Tag Archives: hebrews

His Right Hand

I’ve been neglecting scriptural blog posts for a while, but I needed to note this one for my own reference.

Hebrews 1:3 (NRSV)

He is the reflection of God’s glory and the exact imprint of God’s very being, and he sustains all things by his powerful word. When he had made purification for sins, he sat down at the right hand of the Majesty on high,

Isaiah 59:14-16 (Linking to KJV – text below is JPS)

14And so redress is turned back
And vindication stays afar,
Because honesty stumbles in the public square
And uprightness cannot enter.
15Honesty has been lacking,
He who turns away from evil is despoiled.”
The Lord saw and was displeased
That there was no redress.
16He saw that there was no man,
He gazed long, but no one intervened.
Then His own arm won him triumph,
His victorious right hand
supported Him.

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Gardening is a lot of work…

Today I was kicking myself for not keeping a closer watch on my garden, and for not taking the time to pull the weeds when they first sprung up and would have been more manageable. There are so many weeds in my garden at the moment I’m afraid they’re going to choke out some of my vegetables. After spending a half hour or so fighting with a hoe and trying (unsuccessfully) to rid my garden of the weeds, I gave up for a while and came in to read…

It was only appropriate, I guess, that I was reading James today. The NASB version of James 1:21 reads:

“Therefore, putting aside all filthiness and all that remains of wickedness, in humility receive the word implanted, which is able to save your souls.”

I was reminded of several parables about fertile soil and such, and together with the day’s experience my mind started to wander…

A new Christian is much like a patch of land that has been freshly tilled – when we come to Christ our slate is wiped clean – our soil, as it were, is prepared. If we are faithful, the Word takes root and begins to grow. Reading, prayer and worship can be compared to the the tasks involved with tending a garden, and eventually, if we have been a good caretaker, we begin to bear fruit.

Much like a freshly tilled garden though, sin, like weeds, is bound to spring up, and if we allow it to get a foothold it takes over and chokes out the fruit.

Hebrews 6:7-8 (NASB) says, “For ground that drinks the rain which often falls on it and brings forth vegetation useful to those for whose sake it is also tilled, receives a blessing from God; but if it yields thorns and thistles, it is worthless and close to being cursed, and it ends up being burned.”

My garden got out of hand quickly because I neglected it during a week of storms. Hopefully, with some extra attention over the coming weeks, I’ll be able to salvage most of my crop, but how much easier would it have been if I’d pulled the weeds when they had first taken root?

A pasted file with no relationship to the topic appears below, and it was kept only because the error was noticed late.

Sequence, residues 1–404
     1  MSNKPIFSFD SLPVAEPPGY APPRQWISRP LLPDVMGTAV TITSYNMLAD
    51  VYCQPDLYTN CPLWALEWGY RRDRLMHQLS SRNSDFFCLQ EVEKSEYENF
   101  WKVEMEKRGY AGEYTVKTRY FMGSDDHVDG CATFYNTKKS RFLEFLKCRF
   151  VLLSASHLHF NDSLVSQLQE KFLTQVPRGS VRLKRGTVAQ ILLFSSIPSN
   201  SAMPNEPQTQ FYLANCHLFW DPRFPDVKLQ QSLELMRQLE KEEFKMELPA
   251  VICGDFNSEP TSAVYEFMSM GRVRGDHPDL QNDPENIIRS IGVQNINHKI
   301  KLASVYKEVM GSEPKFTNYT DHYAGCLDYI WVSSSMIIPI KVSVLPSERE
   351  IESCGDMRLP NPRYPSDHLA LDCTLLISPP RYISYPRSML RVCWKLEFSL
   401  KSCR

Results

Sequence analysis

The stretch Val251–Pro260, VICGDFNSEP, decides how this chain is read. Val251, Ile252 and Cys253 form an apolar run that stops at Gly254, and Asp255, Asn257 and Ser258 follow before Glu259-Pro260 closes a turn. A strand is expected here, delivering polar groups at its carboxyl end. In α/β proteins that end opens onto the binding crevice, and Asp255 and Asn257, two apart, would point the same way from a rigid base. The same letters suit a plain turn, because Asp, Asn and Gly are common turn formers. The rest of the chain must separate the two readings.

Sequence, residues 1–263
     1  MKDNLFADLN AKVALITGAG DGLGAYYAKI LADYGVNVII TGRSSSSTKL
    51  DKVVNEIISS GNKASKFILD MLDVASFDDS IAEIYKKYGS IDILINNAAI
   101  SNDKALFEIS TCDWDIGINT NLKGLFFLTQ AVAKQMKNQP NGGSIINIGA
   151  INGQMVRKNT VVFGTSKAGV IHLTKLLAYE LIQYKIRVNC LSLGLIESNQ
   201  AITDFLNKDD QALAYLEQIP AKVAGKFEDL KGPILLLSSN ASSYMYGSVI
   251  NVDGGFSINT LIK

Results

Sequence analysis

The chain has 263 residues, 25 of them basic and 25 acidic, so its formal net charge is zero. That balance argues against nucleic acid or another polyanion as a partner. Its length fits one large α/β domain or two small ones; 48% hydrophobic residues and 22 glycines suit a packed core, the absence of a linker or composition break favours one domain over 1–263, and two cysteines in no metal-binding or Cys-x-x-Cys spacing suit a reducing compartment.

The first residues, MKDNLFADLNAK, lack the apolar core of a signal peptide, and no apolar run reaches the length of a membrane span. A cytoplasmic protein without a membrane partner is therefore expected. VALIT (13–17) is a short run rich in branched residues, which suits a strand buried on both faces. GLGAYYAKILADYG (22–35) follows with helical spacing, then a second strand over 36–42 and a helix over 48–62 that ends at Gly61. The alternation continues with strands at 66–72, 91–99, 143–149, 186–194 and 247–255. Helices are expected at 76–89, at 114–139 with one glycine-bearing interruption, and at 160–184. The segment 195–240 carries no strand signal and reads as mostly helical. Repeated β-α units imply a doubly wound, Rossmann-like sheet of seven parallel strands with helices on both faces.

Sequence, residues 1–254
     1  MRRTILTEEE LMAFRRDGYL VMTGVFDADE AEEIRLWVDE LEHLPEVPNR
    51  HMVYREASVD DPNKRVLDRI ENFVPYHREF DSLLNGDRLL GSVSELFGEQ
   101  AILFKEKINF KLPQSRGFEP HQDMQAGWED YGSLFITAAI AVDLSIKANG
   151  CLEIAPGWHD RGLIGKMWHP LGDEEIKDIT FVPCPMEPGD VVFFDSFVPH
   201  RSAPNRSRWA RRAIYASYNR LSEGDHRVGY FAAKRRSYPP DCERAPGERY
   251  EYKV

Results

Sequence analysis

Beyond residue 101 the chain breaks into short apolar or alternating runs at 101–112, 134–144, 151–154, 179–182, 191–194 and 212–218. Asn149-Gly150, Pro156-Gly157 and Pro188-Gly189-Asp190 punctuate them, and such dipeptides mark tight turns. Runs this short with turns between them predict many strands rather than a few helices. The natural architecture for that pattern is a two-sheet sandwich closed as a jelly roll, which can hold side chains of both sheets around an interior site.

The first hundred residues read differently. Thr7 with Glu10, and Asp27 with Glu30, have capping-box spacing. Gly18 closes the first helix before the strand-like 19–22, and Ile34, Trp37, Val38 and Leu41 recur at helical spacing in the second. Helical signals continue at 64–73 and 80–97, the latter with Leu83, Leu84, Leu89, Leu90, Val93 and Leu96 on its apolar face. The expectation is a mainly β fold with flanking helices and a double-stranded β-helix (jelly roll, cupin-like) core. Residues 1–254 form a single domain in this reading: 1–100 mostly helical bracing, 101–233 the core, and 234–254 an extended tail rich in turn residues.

note to self behind the cut


Filed under Bible Study, The Great Outdoors

Notes on Hebrews

I thoroughly enjoyed reading Hebrews yesterday, so much so that I called a friend to talk about it rather than writing the journal entry I had started. I will do here what I have done in the past, and just use this post as a note-to-self on what to look into further later.

(scriptures linked are from the NRSV)

  • Hebrews 5:14:
    It is worth noting that the author assumes the need to train oneself, through practice, to discern good and evil.

  • Hebrews 10:2:
    It is necessary, here, to read the surrounding context… I’m left wondering about the implication of “cleansed once for all, would no longer have any consciousness of sin” when one considers that, while this was not the case with old testament sacrifices, perhaps this is or should be the case with those who are covered by the blood of Christ.

  • Hebrews 10:26-31:
    I’ve done a number of studies on chapter 6, but this is the first time it dawned on me how much harsher this passage is in making a similar argument. This passage makes it clear that those who once were saved, and willingly walk away, will be judged much more harshly than those who were never saved in the first place.

  • Hebrews 10:32-39:
    Most of us, in this society, cannot relate to the early Christians who endured such great persecution. While passages like this can offer great encouragement in times of struggle, we should be careful to remember that we are not in the same place as those who the author was originally addressing, lest our pride cause us to assume we’re in a better place than we are.

  • Hebrews 11:17-18:
    I need to do a specific study on the relation between what God asked of Abraham and God’s sacrifice of His own Son.

  • Hebrews 12:15-17:
    It occurs to me that there is a parallel to be drawn between our own situations and the “birthright” and “single meal” of Esau’s story…

  • Hebrews 13:5:
    This passage leaves no excuse for those who continually seek after riches, believing that their commitment to God somehow entitles them to be worldly wealth.

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